MoL-2007-19:
Rodriguez, Raul Andres Leal
(2007)
*Expressivity of Coalgebraic Modal Languages.*
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## Abstract

Through history logic has been used for several purposes, for example

as foundation of mathematics or in philosophy to provide an controlled

environment of argumentation. In this thesis we are interested in

using logic to describe mathematical structures. For example, it is

well know that algebraic logic can be used to describe algebraic

structures. Birkhoff Theorem clarifies under what conditions a class

of algebraic structures can be characterized using algebraic logic.

The dual concept of algebraic structure is that of coalgebraic

structure. In the last decade there has been a development of

different logical languages to describe coalgebraic structures. There

is no agreement in which of these language is the most appropriate to

describe coalgebras. This disagreement is partially based on the fact

that there is not much work comparing these languages. In this thesis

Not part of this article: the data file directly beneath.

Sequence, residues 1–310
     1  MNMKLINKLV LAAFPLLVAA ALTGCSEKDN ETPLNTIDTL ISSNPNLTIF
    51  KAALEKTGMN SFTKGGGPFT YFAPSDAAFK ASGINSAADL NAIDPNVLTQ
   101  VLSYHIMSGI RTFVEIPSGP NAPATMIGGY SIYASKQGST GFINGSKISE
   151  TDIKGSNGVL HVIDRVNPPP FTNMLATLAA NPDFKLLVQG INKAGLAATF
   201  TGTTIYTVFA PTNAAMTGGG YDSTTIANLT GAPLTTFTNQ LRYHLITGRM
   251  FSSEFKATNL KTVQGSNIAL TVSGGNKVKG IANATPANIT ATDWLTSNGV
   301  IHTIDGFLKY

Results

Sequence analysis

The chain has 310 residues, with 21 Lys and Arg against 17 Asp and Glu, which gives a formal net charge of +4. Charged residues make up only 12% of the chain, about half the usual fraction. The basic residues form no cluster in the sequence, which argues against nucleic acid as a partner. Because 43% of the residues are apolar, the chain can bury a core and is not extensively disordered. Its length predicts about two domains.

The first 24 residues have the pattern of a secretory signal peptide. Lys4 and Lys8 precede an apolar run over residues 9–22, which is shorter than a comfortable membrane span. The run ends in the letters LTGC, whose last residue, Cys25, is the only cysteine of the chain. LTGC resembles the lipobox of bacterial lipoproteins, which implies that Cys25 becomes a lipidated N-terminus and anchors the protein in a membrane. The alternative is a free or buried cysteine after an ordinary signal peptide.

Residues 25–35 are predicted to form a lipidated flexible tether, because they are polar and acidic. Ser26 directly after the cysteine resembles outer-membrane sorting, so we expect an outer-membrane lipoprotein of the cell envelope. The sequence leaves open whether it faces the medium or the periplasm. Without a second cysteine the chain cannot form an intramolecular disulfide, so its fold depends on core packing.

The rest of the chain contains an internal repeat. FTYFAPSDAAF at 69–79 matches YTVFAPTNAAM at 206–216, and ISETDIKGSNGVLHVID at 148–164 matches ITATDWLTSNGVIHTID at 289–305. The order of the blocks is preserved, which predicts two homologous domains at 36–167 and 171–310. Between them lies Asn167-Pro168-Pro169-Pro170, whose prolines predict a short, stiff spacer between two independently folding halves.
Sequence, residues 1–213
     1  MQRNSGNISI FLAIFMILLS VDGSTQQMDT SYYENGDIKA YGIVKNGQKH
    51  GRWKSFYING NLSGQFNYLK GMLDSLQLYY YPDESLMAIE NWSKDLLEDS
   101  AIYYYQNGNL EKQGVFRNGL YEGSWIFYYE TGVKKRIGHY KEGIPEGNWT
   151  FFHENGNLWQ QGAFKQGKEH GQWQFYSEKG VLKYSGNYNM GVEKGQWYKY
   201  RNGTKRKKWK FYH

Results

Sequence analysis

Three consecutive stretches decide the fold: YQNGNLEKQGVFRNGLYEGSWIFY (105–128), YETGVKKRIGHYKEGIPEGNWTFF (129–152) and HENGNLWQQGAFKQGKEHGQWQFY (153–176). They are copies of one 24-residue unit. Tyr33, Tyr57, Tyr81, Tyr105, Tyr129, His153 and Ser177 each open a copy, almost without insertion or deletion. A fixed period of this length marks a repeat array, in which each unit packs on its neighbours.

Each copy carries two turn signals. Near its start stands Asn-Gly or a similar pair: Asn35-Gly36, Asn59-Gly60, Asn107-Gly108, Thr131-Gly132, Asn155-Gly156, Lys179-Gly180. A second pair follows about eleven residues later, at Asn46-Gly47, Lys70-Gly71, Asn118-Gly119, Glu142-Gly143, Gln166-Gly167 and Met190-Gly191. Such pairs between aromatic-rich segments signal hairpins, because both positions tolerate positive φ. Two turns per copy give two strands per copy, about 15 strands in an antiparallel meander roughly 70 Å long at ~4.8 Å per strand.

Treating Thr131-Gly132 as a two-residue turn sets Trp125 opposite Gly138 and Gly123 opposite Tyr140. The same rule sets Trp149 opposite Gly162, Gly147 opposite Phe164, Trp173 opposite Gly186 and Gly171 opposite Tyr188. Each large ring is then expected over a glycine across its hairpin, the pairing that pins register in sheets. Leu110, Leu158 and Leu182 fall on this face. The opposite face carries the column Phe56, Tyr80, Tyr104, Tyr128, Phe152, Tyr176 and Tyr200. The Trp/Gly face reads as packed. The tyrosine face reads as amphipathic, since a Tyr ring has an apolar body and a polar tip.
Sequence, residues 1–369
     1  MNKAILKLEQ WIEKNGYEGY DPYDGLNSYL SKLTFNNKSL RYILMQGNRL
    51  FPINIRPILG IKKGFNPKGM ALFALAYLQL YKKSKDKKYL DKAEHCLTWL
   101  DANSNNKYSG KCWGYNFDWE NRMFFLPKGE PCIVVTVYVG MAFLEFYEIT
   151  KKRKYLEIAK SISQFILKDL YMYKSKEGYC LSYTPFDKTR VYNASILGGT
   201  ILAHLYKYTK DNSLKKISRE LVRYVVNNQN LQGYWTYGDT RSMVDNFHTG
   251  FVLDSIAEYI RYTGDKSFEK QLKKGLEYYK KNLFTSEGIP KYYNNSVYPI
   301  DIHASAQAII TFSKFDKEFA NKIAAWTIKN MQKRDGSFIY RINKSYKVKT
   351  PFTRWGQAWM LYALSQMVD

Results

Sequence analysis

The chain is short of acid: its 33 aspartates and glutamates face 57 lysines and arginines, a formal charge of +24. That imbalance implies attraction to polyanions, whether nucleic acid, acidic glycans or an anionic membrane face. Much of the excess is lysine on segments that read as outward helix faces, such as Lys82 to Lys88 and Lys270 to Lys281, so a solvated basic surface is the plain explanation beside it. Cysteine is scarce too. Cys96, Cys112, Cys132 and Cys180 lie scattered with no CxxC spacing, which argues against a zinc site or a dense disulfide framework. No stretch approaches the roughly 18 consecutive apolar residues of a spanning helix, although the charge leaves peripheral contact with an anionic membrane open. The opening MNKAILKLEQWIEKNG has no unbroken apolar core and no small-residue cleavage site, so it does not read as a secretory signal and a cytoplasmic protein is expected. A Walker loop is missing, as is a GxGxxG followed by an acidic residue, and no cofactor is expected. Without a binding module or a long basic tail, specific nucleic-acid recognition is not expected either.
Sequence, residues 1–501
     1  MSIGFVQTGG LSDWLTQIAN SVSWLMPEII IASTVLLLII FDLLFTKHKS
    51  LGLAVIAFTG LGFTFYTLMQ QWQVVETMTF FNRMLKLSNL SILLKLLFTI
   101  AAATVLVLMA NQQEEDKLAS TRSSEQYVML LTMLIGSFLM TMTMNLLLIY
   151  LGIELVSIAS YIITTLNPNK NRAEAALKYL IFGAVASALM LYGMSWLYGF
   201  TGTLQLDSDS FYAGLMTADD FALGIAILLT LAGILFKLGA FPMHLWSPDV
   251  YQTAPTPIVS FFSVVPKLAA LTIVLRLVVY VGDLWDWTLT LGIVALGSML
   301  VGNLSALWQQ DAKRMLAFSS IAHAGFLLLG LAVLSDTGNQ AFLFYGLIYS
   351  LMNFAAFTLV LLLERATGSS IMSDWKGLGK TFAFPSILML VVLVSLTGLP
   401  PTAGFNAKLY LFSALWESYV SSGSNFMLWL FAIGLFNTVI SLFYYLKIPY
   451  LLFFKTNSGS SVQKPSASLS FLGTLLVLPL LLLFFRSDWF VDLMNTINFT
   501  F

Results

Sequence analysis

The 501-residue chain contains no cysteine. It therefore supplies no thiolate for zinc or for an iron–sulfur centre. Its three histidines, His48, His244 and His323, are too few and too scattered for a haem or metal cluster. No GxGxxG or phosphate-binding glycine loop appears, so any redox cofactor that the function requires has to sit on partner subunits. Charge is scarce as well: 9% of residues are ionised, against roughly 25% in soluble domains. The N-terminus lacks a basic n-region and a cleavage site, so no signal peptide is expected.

we will do some steps on this direction comparing two languages to

describe coalgebraic structures.

Coalgebras and algebras are formally dual concepts, i.e. given a

functor T, a coalgebra is a function \alpha : A -> TA and an algebra

is a function \alpha : TA -> A. Peter Gumm claims that coalgebras as

direct duals of algebras have been in scene for more than 30 years,

but did not receive much attention primarily due to the lack of vital

examples. The vital examples came from computer science. Various kind

of transitions systems, automata and functional programming languages

are naturally represented as coalgebraic structures. These new

examples demonstrated that a better intuition to understand universal

coalgebra is to conceive it as a general and uniform theory to

describe dynamic systems.

Our starting point is that of basic modal logic and Kripke structures,

frames and models. It is well known that modal logic is an expressive

language to talk about Kripke structures or relational

structures. Using modal logic we can provide an internal local

perspective on relational structures. Now Kripke frames and Kripke

models can be naturally represented in coalgebraic terms. For example,

a Kripke frame (A,R) is represented by a function R : A -> PA, where P

is the covariant power set functor and R(s) is the the successors of